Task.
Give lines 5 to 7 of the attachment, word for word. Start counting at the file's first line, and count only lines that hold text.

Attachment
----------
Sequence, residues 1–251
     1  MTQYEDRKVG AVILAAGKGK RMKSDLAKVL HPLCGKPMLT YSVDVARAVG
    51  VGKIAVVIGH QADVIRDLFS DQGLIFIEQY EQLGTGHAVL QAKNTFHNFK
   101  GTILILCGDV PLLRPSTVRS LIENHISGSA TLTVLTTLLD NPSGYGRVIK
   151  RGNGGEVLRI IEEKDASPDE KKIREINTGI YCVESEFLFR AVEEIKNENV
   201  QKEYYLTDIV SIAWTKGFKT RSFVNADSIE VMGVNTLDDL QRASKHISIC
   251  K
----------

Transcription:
   151  RGNGGEVLRI IEEKDASPDE KKIREINTGI YCVESEFLFR AVEEIKNENV
   201  QKEYYLTDIV SIAWTKGFKT RSFVNADSIE VMGVNTLDDL QRASKHISIC
   251  K